The Kražiai College (Latin: Collegium Crozensis) was a Jesuit college (equivalent to a modern secondary school) in Kražiai, Grand Duchy of Lithuania and later Russian Empire. Established in 1616 in hopes to educate new generations of anti-Protestants, the college was one of the major cultural and educational centers in Samogitia. In 1620–1742, it shared premises with the Samogitian Priest Seminary. In 1844, the college was transferred to Kaunas.
Bishop Merkelis Giedraitis raised the idea of establishing a college in Kražiai, the first higher education institution in Samogitia. To that end, in 1608, he invited the Jesuits, bought them land and built a house for their needs. Merkelis died the following year; in his last will, he left money and land for the construction of a Jesuit monastery. Other patrons included Mikołaj Krzysztof "the Orphan" Radziwiłł who donated a palace, built in 1565, and Jan Karol Chodkiewicz who donated seven homesteads. The college was founded in 1613, and was called Collegium Chodkievicianum in honor of Chodkiewicz. The first class was held only in September 1616 in a temporary wooden house. The construction of a permanent school began in 1618 (the ceremony of laying the cornerstone was attended by Grand Treasurer Hieronim Wołłowicz). At the time, the college already had about 50 students and 12 teachers.
Growth and reorganizationsEdit
Gradually, with the support of many wealthy sponsors, the college expanded into a large campus, including its own church built in 1625–89. Full financial support was given to 26 impoverished students. On average, the school employed 30–50 Jesuits and educated 250–300 students. The curriculum and teaching methods followed the Ratio Studiorum. Students belonged to the Sodality of Our Lady and visited the sick. The college had its own student theater (30 performances are known) and a rich library, which in 1803 held 3,264 volumes (oldest dating back to 1427).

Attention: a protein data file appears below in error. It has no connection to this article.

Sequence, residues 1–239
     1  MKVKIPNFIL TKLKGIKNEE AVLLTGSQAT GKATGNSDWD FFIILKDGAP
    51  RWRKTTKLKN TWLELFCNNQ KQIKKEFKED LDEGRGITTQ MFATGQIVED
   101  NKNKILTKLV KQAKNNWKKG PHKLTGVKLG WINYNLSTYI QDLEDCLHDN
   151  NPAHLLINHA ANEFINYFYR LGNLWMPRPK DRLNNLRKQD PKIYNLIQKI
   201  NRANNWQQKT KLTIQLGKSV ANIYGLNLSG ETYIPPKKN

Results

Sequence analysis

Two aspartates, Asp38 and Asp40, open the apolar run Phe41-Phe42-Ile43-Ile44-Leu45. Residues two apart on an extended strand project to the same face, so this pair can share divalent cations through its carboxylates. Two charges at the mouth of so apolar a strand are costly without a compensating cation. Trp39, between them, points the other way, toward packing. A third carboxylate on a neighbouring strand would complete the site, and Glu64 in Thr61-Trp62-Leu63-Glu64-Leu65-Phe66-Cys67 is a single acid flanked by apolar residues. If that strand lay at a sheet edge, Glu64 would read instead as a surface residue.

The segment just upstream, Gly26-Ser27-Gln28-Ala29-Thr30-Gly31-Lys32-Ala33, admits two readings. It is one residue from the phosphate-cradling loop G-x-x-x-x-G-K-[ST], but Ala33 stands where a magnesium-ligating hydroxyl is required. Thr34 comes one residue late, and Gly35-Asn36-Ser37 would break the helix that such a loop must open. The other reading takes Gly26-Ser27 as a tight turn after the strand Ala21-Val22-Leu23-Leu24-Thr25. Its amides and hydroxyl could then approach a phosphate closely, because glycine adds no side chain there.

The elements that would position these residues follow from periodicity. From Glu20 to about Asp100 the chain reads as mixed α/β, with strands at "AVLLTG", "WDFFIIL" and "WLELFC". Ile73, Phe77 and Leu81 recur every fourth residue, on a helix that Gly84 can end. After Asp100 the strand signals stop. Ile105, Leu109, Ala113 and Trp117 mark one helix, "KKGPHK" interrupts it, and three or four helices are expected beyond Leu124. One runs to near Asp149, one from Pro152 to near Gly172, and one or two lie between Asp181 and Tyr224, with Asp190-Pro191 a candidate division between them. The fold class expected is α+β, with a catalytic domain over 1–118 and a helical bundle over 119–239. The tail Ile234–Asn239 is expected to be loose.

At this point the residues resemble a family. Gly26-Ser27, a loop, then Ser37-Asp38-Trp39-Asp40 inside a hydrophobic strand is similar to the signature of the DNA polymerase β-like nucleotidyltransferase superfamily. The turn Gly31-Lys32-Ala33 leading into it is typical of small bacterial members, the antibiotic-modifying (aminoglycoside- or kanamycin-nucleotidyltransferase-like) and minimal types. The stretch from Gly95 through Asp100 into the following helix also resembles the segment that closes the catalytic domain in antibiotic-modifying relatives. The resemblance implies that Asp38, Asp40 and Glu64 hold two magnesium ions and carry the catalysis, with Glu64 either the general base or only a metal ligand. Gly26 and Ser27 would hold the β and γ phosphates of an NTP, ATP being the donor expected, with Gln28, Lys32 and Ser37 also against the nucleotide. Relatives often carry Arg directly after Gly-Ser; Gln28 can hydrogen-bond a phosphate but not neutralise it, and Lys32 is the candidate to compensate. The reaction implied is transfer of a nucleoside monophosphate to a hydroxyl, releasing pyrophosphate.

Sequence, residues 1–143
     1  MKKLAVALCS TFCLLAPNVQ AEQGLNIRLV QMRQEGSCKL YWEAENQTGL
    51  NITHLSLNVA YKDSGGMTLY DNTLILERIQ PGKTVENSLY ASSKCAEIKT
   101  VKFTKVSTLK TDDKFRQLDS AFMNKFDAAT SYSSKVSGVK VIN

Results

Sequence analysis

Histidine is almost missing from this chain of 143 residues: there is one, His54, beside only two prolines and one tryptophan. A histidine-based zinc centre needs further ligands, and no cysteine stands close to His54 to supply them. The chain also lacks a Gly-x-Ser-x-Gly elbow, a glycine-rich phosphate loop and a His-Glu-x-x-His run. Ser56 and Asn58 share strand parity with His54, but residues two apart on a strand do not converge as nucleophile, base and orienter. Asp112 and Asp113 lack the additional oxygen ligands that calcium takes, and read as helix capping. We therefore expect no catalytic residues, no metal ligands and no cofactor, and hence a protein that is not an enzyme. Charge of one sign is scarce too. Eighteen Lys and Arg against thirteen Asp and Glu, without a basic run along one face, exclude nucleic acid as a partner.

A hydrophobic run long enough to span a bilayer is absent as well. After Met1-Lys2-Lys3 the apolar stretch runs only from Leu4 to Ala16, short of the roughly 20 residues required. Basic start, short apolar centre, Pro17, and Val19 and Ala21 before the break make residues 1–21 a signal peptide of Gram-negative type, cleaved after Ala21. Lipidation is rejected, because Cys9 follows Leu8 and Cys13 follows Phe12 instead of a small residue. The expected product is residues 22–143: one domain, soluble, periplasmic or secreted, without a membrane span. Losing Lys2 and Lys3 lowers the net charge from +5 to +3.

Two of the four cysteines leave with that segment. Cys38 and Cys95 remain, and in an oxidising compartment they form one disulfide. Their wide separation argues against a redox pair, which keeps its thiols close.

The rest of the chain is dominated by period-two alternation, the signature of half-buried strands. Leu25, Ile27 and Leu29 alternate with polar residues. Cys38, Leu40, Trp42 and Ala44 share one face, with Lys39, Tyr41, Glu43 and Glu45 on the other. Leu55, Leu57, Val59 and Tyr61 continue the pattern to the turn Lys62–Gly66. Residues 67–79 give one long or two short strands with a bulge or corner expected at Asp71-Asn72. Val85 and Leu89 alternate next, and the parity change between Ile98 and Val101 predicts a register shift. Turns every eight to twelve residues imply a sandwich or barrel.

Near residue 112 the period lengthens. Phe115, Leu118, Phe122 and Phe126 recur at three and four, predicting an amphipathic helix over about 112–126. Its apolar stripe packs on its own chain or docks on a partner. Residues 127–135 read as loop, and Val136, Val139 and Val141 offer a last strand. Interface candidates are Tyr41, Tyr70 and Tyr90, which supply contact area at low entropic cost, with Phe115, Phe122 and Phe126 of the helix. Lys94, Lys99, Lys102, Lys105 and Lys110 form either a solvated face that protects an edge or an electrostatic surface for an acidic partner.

The college suffered severe human and capital losses during the Swedish invasion of 1656 and the plague of 1710, but recovered. After the suppression of the Jesuits in 1773, the college's administration was taken over by the Commission of National Education. After the Third Partition of the Polish–Lithuanian Commonwealth, Carmelites from Kolainiai administered the school from 1797 to 1817. In 1817, Tsarist authorities secularized the school, changed its name to gymnasium, introduced primary education classes, and transferred its administration to Vilnius University. As such, the number of students grew and exceeded 400.
Move to KaunasEdit
Vilnius University was closed in the aftermath of the 1831 November Uprising. After the establishment of the Kovno Governorate in 1843, the gymnasium was transferred from Kražiai to Kaunas (the present-day Maironis Gymnasium). The campus in Kražiai was abandoned and fell into ruins. Only the former student dormitory (bursa) survives to this day. The building was extensively renovated in 2008 and houses the Cultural Center of M. K. Sarbievijus, Kražiai Region Museum, and the library and art collection of Charlotte Narkiewicz-Laine.
Teachers and studentsEdit
The first teacher, Jonas Kochas, was sent from the Collegium Hosianum in Royal Prussia. Among the first teachers was poet Maciej Kazimierz Sarbiewski who taught syntax. Other notable teachers included historian Albert Wijuk Kojałowicz who taught rhetoric, Žygimantas Liauksminas (Sigismundus Lauxmin) who was also college's rector, and future Bishop Motiejus Valančius. Notable students included writers Dionizas Poška and Simonas Stanevičius, folklorists Liudvikas Adomas Jucevičius, explorers Jan Prosper Witkiewicz, brothers Antanas and Jonas Juška.
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